In order to “defend” the Hudson Farm, Perdue anonymously created the website Savefarmfamilies.org, to spread misinformation about the lawsuit. They depict the Hudsons as victims of aggressive environmental groups who need financial help to cover their bills from the lawsuit. While Perdue doesn’t lay claim to the website, the IP address of the proxy registration belongs to Perdue.
Food & Water Watch has our own response to the claims made by Savefarmfamilies.org. Food & Water Watch Executive Director Wenonah Hauter drafted an open letter to Perdue CEO Jim Perdue, questioning Perdue’s current PR strategy. Read the full article…
By Zach Corrigan
[Originally posted on The Stranger’s SLOG blog.)
In case you haven’t heard, the extremely fast-spreading disease that decimated salmon populations in Chile and Scotland has now hit the West Coast. As Eli Sanders pointed out last week on Slog, the virus, known as infectious salmon anemia, has been described as one that “no country has ever gotten rid of it once it arrives.”
Thankfully, it doesn’t affect humans—at least, not in the traditional sense. But if it wipes out West Coast salmon populations, it could take a large number of fishing jobs with it. And that would affect us deeply.
So how did we get to this point? And who, or what, is to blame?
While we can’t say for certain what caused this particular outbreak of infectious salmon anemia, salmon fish farms present the perfect conditions for the disease to spread like wildfire. The devastation of the salmon industry in Chile, for instance, can be directly linked to the filthy conditions inherent in these factory fish farms.
So what exactly are factory fish farms? They’re literally factory farms of the ocean—thousands of fish are kept in close quarters in open net pens or cages. Fish farms often necessitate the use of chemicals, pesticides and antibiotics to curb the filth and disease that arises in these conditions. This is not only bad for the environment and the fish; it’s bad for the consumer as well, as the toxins and waste can flow freely into the ocean and, ultimately, on to our plates. Read the full article…
October 24th, 2011
When people aren’t enough to combat fracking, enlist the power of zombies!
We hate fracking, but we LOVE zombies, especially anti-fracking activist zombies. The residents of Dimock, Pennsylvania have been experiencing incidents of terror ever since Cabot Oil and Gas began drilling for natural gas there. The horrors they have witnessed include an exploding gas well, contaminated drinking water and broken promises regarding responsible practices. Artist Kelly Finan designed this poster for an upcoming event hosted by Don’t Expect Protection (DEP), an activist group formed when the Pennsylvania DEP approved Cabot Oil and Gas’s request to stop supplying clean drinking water to Dimock’s residents. Cabot’s shale drilling caused high levels of methane contamination in the drinking water and the DEP had originally held them responsible to provide clean water to those affected.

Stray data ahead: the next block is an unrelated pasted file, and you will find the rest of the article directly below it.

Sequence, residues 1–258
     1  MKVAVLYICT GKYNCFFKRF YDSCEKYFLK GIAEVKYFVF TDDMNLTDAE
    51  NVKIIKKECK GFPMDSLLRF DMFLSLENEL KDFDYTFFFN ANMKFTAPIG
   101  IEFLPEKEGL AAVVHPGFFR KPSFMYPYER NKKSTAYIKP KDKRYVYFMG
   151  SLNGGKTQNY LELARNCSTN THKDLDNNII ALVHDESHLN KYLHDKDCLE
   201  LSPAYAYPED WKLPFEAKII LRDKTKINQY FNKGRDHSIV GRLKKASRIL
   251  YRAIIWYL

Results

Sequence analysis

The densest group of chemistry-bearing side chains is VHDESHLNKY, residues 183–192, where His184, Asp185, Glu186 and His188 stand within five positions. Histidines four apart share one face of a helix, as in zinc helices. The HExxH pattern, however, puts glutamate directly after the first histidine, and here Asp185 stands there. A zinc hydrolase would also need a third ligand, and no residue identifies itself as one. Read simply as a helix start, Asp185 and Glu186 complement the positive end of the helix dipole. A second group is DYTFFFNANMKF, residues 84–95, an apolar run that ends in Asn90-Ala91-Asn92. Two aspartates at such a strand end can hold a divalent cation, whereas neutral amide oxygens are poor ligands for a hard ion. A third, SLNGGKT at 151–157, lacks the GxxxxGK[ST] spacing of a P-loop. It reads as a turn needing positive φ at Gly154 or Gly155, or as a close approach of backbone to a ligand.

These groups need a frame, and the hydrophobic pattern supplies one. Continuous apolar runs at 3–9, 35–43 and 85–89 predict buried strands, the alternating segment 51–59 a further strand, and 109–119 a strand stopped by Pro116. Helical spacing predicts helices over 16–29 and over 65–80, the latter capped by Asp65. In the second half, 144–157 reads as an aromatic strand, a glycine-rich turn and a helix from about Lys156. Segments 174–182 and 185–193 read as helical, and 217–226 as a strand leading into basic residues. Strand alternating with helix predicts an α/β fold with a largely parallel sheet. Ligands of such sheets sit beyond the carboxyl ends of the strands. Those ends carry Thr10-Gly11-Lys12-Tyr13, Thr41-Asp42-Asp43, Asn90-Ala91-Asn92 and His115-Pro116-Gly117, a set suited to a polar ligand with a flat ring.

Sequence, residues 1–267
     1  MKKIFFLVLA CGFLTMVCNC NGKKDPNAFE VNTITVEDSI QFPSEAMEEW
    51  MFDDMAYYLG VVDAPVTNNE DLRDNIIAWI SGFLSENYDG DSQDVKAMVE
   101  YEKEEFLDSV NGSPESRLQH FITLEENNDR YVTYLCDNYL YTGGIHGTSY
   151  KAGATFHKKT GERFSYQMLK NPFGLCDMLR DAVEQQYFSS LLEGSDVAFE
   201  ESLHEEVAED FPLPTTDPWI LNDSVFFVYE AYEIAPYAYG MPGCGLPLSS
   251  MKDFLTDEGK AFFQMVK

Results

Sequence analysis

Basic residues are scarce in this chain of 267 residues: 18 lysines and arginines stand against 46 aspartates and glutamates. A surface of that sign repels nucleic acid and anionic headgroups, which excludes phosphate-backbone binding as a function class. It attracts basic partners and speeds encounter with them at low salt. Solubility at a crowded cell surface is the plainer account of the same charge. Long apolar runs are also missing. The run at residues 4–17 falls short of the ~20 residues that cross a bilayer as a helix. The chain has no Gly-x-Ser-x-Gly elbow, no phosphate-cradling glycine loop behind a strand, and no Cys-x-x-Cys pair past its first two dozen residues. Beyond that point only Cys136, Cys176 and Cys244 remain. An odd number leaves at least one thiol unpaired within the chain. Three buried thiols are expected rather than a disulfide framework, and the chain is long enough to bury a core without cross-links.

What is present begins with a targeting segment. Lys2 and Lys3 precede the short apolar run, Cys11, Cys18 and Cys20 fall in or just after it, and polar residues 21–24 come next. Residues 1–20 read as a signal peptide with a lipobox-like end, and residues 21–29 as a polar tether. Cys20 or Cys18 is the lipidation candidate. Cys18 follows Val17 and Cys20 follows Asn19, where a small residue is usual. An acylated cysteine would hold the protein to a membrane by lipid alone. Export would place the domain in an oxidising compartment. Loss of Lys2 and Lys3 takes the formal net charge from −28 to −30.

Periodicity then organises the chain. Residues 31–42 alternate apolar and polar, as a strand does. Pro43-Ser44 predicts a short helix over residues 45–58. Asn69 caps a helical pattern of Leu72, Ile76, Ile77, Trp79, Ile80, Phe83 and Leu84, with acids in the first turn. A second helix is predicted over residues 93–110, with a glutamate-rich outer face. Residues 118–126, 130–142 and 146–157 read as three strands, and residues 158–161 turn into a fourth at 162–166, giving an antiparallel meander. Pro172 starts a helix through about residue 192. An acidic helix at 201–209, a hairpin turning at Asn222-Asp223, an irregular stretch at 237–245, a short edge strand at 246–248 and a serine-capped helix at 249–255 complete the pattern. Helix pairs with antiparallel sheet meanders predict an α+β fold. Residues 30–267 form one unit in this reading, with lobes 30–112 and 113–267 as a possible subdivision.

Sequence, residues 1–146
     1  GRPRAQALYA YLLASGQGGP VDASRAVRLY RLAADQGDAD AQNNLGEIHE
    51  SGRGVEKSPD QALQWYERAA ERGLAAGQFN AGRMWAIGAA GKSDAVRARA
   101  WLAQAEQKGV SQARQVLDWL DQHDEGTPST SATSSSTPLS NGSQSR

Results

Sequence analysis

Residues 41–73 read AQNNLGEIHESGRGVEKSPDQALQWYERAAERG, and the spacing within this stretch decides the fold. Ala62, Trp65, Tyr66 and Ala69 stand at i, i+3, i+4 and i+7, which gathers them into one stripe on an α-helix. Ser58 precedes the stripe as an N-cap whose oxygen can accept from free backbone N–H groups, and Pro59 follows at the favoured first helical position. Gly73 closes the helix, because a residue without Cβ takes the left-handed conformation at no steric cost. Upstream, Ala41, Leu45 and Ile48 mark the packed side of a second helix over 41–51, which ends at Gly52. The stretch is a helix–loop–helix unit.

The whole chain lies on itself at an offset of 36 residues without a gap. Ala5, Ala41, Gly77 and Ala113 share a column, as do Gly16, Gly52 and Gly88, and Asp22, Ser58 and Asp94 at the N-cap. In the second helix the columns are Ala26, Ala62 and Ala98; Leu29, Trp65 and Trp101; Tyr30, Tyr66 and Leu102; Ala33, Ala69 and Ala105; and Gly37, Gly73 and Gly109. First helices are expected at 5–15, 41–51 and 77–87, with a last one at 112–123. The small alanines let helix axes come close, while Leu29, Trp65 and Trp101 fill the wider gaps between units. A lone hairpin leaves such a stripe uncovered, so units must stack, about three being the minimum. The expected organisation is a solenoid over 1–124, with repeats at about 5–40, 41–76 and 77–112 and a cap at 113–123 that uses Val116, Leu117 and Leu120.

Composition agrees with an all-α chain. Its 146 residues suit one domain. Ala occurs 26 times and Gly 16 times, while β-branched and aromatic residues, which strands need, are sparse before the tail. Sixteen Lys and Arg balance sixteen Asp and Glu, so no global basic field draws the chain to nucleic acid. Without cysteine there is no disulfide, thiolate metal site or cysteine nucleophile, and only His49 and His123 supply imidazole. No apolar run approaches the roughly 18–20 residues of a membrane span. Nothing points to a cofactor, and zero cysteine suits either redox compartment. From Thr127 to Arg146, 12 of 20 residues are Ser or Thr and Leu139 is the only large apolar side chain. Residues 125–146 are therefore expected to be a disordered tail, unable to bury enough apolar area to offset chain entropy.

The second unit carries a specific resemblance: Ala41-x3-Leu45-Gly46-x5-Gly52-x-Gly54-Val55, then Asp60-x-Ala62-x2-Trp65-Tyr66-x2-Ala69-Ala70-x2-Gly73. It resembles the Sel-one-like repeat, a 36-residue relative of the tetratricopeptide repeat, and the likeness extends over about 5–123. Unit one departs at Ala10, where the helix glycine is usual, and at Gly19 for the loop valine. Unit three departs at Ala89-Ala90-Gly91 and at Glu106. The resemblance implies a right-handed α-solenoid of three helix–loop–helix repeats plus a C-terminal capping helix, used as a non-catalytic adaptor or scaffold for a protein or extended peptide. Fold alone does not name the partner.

October 21st, 2011
You know whose voice is getting louder? Yours! We’ve gained much momentum since we first launched our campaign against fracking. As consumers have become more informed about the fracking process and the threat it poses to public health and the environment, more and more communities are taking action by contacting their elected officials on the local and state level to ask them to ban the process. In fact, we’ve reached a milestone that’s worth sharing. On May 16, we published Mapping the Movement, an interactive web tool that allows us to keep track of local measures passed against hydraulic fracturing throughout the country. Only five months later, we have reached 100 actions against fracking! Congratulations!
It’s good to know that people are making a stand when it comes to protecting our drinking water. As the movement continues to grow, we will be able to accomplish even more. If you’re looking for a way to take action, CLICK HERE and join the movement to ban fracking now.